freeboard (assigned or statutory)

The distance from the upper part of the deck line to the summer load line as 'assigned' or stated in the Freeboard Certificate relating to the vessel concerned.

fresh water

Not salt water (sea water). This is the water on board a vessel for drinking, washing, etc.

fuel oil (heavy)

High density fuel oil used either as boiler fuel or as fuel for main diesel engines suitably adapted for the purpose.


Section 1: Glossary - English hogging

The deflection of a vessel loaded in such manner that the draft amidships is less than the mean of the forward and aft drafts.

hydrostatic curves

A document especially prepared for each vessel indicating, among other things, the centre of flotation or 'tipping centre' at various drafts.


The part of a ship extending along the bottom from stem to stern.


Longitudinal centre of flotation.

length between

Distance between the forward and aft perpendiculars

perpendiculars (LBP)

measured parallel to the keel.


Inclination of the vessel from the vertical position measured at the longitudinal midships axis. It is usually measured by means of an inclinometer giving results in degrees of angle. List can also be calculated, if necessary, from the difference between the port and starboard midships drafts.

light ship weight

The weight of the vessel after completion of construction but without fuel bunkers, stores, etc. The light ship weight is usually mentioned on the vessel's displacement scales and represents the difference between the displacement scale and the deadweight scale.


Oils for lubricating the main engine, auxiliary engines and other moving equipment aboard the vessel.

mean aft draft

Average of the aft drafts on port and starboard sides.

mean forward draft

Average of the midships drafts on port and starboard sides.

mean midships draft

Average of the midships drafts on port and starboard sides.


Longitudinal centre of the vessel as indicated on the hull by the Port and Starboard load line marks.


Section 1: Glossary - English moment

The moment of a force is a measure of the rotating effect of the force about a given point. The rotating effect will depend upon the magnitude of the force and the length of the lever upon which the force acts, i.e., the perpendicular distance between the line of action of the force and the point around which the moment is being exerted.

Moment to change trim 1 cm (MTC)

The force required to change the trim of a vessel by 1 cm. This is defined as the weight - in metric tons, multiplied the distance it is moved from the centre of flotation - in meters.

Moment to change trim 1 inch (MTI)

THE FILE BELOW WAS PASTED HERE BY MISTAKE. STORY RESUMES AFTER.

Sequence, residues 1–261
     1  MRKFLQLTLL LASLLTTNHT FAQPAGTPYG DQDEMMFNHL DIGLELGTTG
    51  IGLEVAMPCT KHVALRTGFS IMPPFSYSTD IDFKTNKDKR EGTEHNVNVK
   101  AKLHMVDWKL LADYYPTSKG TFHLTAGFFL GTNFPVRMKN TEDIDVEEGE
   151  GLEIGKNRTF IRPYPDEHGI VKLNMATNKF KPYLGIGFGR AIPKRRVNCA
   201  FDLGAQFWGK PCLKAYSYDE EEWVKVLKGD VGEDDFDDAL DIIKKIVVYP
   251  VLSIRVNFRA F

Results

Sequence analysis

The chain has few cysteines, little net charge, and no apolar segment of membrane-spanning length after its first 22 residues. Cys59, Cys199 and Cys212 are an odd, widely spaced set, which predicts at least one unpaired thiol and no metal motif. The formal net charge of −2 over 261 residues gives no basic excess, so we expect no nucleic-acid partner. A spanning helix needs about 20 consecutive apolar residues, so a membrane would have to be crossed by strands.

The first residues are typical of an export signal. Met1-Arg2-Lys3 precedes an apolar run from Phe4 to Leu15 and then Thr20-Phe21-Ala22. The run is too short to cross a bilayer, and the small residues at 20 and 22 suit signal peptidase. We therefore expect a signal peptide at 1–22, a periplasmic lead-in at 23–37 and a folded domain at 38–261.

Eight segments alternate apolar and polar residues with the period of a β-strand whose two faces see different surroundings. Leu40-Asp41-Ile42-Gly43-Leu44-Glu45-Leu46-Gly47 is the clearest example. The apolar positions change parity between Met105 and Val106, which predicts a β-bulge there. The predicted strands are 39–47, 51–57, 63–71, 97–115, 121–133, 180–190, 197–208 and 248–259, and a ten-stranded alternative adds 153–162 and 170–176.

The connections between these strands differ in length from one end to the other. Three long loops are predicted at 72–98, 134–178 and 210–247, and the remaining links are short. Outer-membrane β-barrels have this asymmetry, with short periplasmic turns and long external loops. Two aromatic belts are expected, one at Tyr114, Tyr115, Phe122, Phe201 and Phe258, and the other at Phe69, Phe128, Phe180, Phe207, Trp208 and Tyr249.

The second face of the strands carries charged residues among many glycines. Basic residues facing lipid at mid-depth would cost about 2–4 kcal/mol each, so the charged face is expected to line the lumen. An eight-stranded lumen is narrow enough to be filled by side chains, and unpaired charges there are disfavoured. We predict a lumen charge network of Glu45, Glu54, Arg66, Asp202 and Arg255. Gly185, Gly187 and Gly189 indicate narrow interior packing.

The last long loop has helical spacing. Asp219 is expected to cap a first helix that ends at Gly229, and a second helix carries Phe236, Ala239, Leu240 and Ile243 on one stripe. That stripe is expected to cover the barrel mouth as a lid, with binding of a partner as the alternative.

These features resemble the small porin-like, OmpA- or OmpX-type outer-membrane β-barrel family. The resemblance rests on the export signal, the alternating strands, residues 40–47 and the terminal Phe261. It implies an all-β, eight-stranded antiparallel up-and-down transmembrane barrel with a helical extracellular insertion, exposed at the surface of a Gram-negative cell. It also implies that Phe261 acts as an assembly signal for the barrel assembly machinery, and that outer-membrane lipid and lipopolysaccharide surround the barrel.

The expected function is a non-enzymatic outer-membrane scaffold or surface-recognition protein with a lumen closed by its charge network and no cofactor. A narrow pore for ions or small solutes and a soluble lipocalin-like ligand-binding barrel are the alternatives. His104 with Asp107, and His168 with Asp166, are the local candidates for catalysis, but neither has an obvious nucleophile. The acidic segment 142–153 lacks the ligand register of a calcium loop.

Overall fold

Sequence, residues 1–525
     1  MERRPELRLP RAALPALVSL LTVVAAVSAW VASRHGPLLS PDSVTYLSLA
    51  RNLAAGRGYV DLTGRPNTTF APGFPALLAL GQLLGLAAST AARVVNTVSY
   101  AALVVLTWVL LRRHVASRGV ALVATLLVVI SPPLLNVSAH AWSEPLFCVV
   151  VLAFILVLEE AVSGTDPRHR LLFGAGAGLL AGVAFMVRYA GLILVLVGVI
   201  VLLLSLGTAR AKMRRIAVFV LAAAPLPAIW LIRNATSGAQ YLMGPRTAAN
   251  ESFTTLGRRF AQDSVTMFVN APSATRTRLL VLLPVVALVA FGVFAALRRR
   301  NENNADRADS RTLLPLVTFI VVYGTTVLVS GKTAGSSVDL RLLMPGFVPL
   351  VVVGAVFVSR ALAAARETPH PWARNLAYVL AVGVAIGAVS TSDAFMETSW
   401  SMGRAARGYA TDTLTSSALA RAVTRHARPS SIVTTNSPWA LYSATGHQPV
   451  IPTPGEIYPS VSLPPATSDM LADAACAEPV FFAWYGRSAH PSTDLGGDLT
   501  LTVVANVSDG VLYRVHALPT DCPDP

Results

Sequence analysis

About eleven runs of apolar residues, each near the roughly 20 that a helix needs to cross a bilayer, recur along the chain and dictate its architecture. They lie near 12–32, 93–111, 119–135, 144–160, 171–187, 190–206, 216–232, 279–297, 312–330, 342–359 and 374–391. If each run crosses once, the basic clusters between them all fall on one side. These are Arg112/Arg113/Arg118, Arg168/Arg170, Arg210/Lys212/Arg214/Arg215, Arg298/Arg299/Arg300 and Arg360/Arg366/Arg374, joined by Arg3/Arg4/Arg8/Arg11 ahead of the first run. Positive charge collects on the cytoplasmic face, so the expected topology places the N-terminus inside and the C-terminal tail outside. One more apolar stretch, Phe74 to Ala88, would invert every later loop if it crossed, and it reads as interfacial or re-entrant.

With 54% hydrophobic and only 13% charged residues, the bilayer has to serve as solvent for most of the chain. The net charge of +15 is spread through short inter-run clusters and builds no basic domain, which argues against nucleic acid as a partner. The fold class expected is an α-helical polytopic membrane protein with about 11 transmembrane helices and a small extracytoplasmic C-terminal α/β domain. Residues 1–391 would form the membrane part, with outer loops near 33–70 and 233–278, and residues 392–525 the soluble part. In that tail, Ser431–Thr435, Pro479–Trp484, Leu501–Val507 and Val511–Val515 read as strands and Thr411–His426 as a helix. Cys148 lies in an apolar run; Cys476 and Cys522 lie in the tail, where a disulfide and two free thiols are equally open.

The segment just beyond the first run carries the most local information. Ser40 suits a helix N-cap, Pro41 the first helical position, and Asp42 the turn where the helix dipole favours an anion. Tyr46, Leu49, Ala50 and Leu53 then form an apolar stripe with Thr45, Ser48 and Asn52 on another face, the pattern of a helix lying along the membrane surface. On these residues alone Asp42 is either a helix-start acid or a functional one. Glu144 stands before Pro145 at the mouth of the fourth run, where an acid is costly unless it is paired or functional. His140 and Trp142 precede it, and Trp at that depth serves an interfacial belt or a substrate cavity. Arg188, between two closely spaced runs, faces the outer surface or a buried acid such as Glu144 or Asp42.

The force required to change the trim of a vessel by 1 inch. This is defined as the weight - in long tons, multiplied the distance it is moved from the centre of flotation - in feet.

Plimsoll line

Another name for summer load mark.

port side

The left-hand side of the vessel as seen by an observer facing forward.

rudder post

The vertical axis around which the rudder turns.


The deflection of a vessel loaded in such manner that the draft amidships is greater than the mean of the forward and aft drafts.

scale drawings

Vessel's plans prepared so that each centimetre of distance on the scale corresponds to a known distance on the vessel. For example, a scale marked 1/100 means that 1 cm on the drawing corresponds to 1 m on the ship itself.


Distance between the bottom of a tank and the surface of the liquid which it contains.

sounding pipe

A fixed pipe through which soundings are taken.

sounding tables

Calibration tables giving volumes corresponding to liquid heights.

specific gravity

Ratio between the mass or weight in air of a given volume of liquid and the mass or weight in air of the same volume of distilled water. Both the temperature of the liquid and the temperature of the water must be defined. There are thus various forms of specific gravity which can lead to considerable confusion. It is for this reason that the term apparent density is preferred, as this corresponds to weights obtained by weighing on a weighbridge.


Section 1: Glossary - English starboard side

The right-hand side of the vessel as seen by an observer facing forward.

stem correction

Correction applied to the mean forward draft when the forward draft marks are not situated at the forward perpendicular.

stern correction

Correction applied to the mean aft draft when the aft draft marks are not situated at the aft perpendicular.

summer load line

An imaginary line, parallel to the keel passing through the upper edge of the summer mark which corresponds to the maximum draft permitted in the summer zone in sea water.

summer mark

The line, surrounded by a circle, permanently marked by centre punch, or by welding, on the port and starboard sides of the vessel amidships as prescribed by the ship's load line certificate.

t per cm immersion (TPC)

The number of metric tons required to change the mean draft of the vessel by 1 cm.

t per inch immersion (TPI)

The number of long tons required to change the mean draft of the vessel by 1 inch.


Difference between the mean draft forward and the mean draft aft, both measurements having been corrected to the forward and aft perpendiculars where necessary.